As such, the following important advice should be taken into account in practice: if a company has to report a breach of data protection that could represent an offence under Art. 83 Para. 3 and 4, or even a crime, it must seek legal advice!

“Free pass” for the first violation?

Question: Is it true that the supervisory authorities cannot impose fines when a controller breaches GDPR accidentally for the first time (“free pass”)?

Answer: No, this rumour is incorrect. There is a lot of talk of such wishes in the political sphere and among associations. However, they do not reconcile with the wording of Art. 83 Para. 1 GDPR.

The regulation states that an effective fine shall be imposed “in each individual case”.

Contrary to the rumours, things are no different in Austria, either. Austria’s Federal Act concerning the Protection of Personal Data (DSG) contains the following provision in Section 11 Clause 2: “Particularly in the case of first-time violations, the data protection authority shall, in harmony with Art. 58 GDPR, make use of its corrective powers, in particular in the form of warnings.” This wording gives no indication of a “free pass”.

It is also expressly highlighted that Art. 58 GDPR (Powers) is not restricted by such.

Possible to refrain from fines?

Question: Can the data protection supervisory authority still refrain from imposing a fine in individual cases?

Answer: Yes, that is possible. It can be justified in two ways:

  • Either it is argued that the provision of Section 47 Para. 1 of the German Act on Regulatory Offences (OWiG) applies through Section 41 Para. 1 Clause 1 BDSG. This provision states that the supervisory authority may, at its discretion, elect to terminate proceedings relating to regulatory offences.
  • Or reference may be made directly to Art. 83 GDPR (General conditions for imposing administrative fines). This states that a fine must always be proportionate. There are plenty of conceivable cases in which any fine, no matter now small, would be disproportionate.

However, this has nothing to do with a “free pass” for first-time negligent violations.

Can fines come “out of the blue”?

Question: Is it true that notice of a fine can land in your mailbox “out of the blue”?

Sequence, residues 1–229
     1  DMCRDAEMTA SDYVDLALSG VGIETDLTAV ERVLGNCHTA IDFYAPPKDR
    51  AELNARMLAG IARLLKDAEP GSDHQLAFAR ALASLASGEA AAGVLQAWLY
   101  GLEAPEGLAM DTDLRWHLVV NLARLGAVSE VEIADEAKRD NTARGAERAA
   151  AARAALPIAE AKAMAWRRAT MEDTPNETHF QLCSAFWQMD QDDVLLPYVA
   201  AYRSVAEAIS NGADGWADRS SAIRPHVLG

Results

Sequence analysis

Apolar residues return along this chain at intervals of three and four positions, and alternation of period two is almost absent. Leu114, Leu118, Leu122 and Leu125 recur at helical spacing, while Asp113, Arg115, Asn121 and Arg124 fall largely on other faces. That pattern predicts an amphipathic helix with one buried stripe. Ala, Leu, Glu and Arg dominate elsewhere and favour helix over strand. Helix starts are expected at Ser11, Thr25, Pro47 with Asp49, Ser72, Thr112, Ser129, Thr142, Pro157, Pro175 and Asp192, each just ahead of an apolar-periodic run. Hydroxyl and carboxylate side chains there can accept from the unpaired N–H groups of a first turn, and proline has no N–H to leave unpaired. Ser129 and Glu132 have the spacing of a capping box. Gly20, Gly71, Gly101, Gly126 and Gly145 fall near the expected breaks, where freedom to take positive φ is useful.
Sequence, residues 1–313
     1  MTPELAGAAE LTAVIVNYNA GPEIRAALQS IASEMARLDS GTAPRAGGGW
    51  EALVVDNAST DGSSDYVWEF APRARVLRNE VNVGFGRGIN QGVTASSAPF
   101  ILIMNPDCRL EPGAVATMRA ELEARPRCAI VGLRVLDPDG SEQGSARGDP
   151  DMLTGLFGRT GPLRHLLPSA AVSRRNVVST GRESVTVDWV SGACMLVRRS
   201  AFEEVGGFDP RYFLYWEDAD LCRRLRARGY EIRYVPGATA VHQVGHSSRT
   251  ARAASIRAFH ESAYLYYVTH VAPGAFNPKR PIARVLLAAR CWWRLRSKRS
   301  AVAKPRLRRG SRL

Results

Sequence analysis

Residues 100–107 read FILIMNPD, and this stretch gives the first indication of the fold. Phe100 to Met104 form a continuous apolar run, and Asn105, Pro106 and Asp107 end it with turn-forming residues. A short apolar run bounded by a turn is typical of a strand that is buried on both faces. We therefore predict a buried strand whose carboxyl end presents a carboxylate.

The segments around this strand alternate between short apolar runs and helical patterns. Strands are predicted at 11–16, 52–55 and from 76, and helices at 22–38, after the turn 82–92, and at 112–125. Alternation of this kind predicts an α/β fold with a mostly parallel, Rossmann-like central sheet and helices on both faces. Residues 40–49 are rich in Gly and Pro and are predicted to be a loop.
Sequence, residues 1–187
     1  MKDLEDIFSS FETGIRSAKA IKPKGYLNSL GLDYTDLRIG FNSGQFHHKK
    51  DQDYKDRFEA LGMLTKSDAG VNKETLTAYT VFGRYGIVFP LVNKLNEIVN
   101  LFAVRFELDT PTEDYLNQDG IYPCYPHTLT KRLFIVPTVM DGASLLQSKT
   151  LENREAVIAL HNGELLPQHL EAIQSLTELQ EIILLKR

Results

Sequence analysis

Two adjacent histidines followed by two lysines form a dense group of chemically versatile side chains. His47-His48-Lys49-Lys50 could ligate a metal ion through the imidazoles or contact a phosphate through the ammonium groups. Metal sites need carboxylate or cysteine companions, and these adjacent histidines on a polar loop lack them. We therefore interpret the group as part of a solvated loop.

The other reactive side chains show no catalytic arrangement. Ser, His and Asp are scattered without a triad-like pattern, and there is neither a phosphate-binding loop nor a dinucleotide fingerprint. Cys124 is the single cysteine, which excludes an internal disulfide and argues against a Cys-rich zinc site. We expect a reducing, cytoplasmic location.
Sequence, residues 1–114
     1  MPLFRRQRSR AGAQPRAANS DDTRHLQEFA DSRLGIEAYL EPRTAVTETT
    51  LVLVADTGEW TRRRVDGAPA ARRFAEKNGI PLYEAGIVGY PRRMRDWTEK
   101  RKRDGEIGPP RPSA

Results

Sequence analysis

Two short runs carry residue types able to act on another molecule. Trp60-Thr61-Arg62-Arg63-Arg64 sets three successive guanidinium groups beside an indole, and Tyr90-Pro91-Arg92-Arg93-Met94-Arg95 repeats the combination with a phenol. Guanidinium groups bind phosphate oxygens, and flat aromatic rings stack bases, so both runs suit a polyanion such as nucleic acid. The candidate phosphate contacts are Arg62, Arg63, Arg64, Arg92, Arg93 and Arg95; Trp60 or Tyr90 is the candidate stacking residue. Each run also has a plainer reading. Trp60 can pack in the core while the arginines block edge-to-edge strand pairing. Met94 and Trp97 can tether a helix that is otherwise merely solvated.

Answer: No, that is nonsense. Of course there is a formal written hearing before any notice is issued.

This is not only stipulated by the national legislator (Section 41 Para. 1 Clause 1 BDSG in conjunction with the corresponding provisions of OWiG). This obligation would be seen as covered by the principle of the right to a fair trial. It is secured by Art. 47 Para. 2 of the Charter of Fundamental Rights of the European Union.

No fines against authorities?

Question: Is it true that it is not possible for authorities to incur fines?

Answer: Yes, that is true. Art. 83 Para. 7 GDPR permits member states to form an exemption clause. Germany has made use of this in Section 43 Para. 3 BDSG.

But be careful: this exception does not apply if authorities are in competition with private businesses. For example, it does not apply to public hospitals. This is because they are competing with private hospitals.

Special courts for objections?

Question: Is it true that special courts decide on objections to notices of fines?

Answer: There is truth at the heart of this rumour.

Normally the district courts [“Amtsgericht”] are responsible for such proceedings (Section 41 Para. 1 Clause 1 BDSG in conjunction with Section 68 OWiG, supplemented by the provisions of the individual states). However, if a supervisory authority sets a fine of more than 100,000 euros, the responsible regional court [“Landgericht”] shall decide (as set out in Section 41 Para. 1 Clause 2 BDSG).

This differentiation is likely to be of more significance to specialist cases than to everyday business.

In Germany there are currently 638 district courts but just 117 regional courts. It is therefore usually much further to the responsible regional court.

Fines unlimited in amount?

Question: Why does the General Data Protection Regulation provide for fines in an amount that many find mind-boggling?

Counter-question: Would the fines act as a deterrent to international companies otherwise? Their turnover is often in the billions. The threat of possible fines must, therefore, be high.

It has nothing to do with “everyday fines”. Fines in the millions will remain rare individual cases.

Dr. Eugen Ehmann
Dr. Eugen Ehmann is the District President for Lower Franconia (Bavaria). For many years now he has been working intensively with matters of data protection within companies and authorities.